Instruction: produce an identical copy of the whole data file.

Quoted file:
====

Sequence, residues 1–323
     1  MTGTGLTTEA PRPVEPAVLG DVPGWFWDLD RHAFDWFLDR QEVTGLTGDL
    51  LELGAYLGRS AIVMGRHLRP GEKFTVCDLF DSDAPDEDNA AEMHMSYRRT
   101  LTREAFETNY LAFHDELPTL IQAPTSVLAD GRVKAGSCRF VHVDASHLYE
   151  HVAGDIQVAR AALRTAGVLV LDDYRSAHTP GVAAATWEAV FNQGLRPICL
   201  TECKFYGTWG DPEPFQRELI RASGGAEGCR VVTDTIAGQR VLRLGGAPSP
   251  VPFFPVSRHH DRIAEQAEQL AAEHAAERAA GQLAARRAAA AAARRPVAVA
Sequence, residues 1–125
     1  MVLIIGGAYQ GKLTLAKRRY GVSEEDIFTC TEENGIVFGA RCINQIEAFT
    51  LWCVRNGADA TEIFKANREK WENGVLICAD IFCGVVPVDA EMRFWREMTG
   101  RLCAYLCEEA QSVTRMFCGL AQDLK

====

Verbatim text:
Sequence, residues 1–323
     1  MTGTGLTTEA PRPVEPAVLG DVPGWFWDLD RHAFDWFLDR QEVTGLTGDL
    51  LELGAYLGRS AIVMGRHLRP GEKFTVCDLF DSDAPDEDNA AEMHMSYRRT
   101  LTREAFETNY LAFHDELPTL IQAPTSVLAD GRVKAGSCRF VHVDASHLYE
   151  HVAGDIQVAR AALRTAGVLV LDDYRSAHTP GVAAATWEAV FNQGLRPICL
   201  TECKFYGTWG DPEPFQRELI RASGGAEGCR VVTDTIAGQR VLRLGGAPSP
   251  VPFFPVSRHH DRIAEQAEQL AAEHAAERAA GQLAARRAAA AAARRPVAVA
Sequence, residues 1–125
     1  MVLIIGGAYQ GKLTLAKRRY GVSEEDIFTC TEENGIVFGA RCINQIEAFT
    51  LWCVRNGADA TEIFKANREK WENGVLICAD IFCGVVPVDA EMRFWREMTG
   101  RLCAYLCEEA QSVTRMFCGL AQDLK